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Riga Latvia Walking Tour

  • Take a trip back in time to the Middle Ages at Riga Castle
  • Stop by the Three Brothers – Riga’s oldest residential buildings
  • Learn some Latvian history at the Freedom Monument and the Parliament of Latvia
  • Admire impressive architecture at the House of the Blackheads
  • See the city’s stunning Opera House
  • Visit several of Latvia’s oldest and most prized places of worship including Riga Cathedral and St. Peter’s Church
  • Hear about the city’s past at Dome Square and Riga Town Hall

Lots to see on our walking tour through Riga.

Freedom Monument
Kalku iela
The monument is 42 meters tall and depicts "Milda" holding three golden stars (symbolizing the provinces of Kurzeme, Vidzeme and Latgale). It was build to honor soldiers who were killed during the Latvian War of Independence (1918-1920). Between 10am - 4pm there is a two man honor guard (although, we didn't notice that!). It also say "Tēvzemei un Brīvībai" which means "For Fatherland and Freedom".

Orthodox Cathedral
Brivibas bulv. near Esplanade Square
We noticed here, as well as at the Russian Orthodox Cathedral in Tallin, that no photos are allowed inside. While the Christian Cathedrals range from very ornate to quite plain, the Orthodox churches tend to be elaborate with lots of gold inside. The Cathedral was erected in the 1860s, although apparently the golden dome on the outside is relatively new. During Soviet times it was a planetarium, cinema and a cafeteria. It now is open for worship again.

Laima Clock
Brivibas and Aspazijas corner
One thing you learn at the Laima chocolate museum is they take pride in this clock. It became "famous" because it was a well known landmark where locals and lovers alike would meet. It started off as just a clock, but overtime, Laima was able to add it's name to it -- and it stuck as permanent advertising!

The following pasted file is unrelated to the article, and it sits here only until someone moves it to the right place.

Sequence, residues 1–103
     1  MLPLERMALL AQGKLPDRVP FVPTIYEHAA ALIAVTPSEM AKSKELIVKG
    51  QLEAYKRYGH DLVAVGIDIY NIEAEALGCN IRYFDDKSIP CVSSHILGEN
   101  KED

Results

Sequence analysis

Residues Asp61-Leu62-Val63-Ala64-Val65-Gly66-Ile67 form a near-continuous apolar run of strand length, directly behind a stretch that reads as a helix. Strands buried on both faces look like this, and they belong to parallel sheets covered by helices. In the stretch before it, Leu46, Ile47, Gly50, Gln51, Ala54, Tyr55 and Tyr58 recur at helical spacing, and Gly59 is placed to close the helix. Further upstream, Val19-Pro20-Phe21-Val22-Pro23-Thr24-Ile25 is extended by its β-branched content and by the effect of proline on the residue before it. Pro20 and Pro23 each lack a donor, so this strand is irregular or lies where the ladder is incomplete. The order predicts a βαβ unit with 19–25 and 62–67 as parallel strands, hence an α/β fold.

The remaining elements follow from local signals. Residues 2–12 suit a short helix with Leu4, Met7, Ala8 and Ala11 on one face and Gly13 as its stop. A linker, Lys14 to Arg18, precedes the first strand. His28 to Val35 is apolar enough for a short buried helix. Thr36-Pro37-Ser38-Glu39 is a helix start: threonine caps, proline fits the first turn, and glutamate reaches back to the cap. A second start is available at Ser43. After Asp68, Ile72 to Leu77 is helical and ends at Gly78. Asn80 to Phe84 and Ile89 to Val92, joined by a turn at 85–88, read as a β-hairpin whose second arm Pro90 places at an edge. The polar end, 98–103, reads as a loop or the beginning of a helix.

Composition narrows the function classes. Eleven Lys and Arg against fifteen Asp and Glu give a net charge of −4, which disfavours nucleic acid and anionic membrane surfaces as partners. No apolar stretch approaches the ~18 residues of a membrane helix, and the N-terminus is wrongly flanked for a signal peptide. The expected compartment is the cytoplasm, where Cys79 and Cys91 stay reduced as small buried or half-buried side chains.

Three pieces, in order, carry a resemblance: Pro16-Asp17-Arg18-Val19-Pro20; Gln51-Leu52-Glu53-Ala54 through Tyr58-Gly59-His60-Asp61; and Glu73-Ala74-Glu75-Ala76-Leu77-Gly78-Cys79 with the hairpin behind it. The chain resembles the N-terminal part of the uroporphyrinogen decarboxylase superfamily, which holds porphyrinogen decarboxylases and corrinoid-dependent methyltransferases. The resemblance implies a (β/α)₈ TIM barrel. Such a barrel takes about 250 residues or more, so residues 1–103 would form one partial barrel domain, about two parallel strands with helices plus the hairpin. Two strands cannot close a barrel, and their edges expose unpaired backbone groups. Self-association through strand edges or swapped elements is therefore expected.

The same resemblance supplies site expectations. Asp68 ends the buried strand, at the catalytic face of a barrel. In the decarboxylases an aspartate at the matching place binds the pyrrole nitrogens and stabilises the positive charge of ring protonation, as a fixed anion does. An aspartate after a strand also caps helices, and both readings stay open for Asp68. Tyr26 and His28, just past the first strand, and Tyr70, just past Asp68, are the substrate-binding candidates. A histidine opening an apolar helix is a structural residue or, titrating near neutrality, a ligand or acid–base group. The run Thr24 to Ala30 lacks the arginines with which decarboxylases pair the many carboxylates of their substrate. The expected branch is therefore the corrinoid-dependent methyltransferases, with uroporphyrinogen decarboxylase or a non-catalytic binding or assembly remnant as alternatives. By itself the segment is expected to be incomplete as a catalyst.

Riga Bourse Art Museum
Doma laukums 6
150 year old gallery.

Museum of Barricades of 1991
3 Kramu Street
Mo-Sa: 10:00 - 17:00
We learned about how Latvia - in resisting the USSR - denied the Russians access to important buildings by putting up barricades in key places around the city. In this model that represents the barricades, you can see how trucks and large vehicles - filled with lumber and garbage, were placed around city buildings to block access. Doing this was key to regaining independence in Estonia, Latvia and Lithuania in 1991. Large numbers of the population participated - in this unarmed resistance.

Riga Cathedral
Doma laukums
The cathedral is approximately 800 years old! It's one of the oldest and biggest cathedrals in Latvia. During Soviet times, it was used as a concert hall. It is now a Lutheran church.

Jewish Synagogue
Peitavas street 6/8
Build 1904. Art Nouveau architecture.
We visited the only synagogue that was spared from being destroyed during the Nazi occupation. Most buildings were destroyed by burning, however, this synagogue is in a very dense part of town, thus, the Nazi's felt burning was too risky.

The inside was interesting in many ways. (1) There were stained glass windows (obviously not traditional Christian type of scenes, but flowers); (2) There are balconies, and (3) It is a bit more ornate and more colorful than other synagogues (or at least of the ones I have visited).

Museum of Occupations
Strelnieku laukums 1
Tu-Su: 11:00 - 17:00
Unfortunately, this museum is being renovated so we saw a reduced version of it. The story told is very much similar to the Estonia museum we saw. It relates the history of occupation by the Soviets, the Nazi's and, then once again, the Soviets. The LONGGGGG occupation that these countries faced makes me truly thankful to be American and to have lived in freedom as we have.

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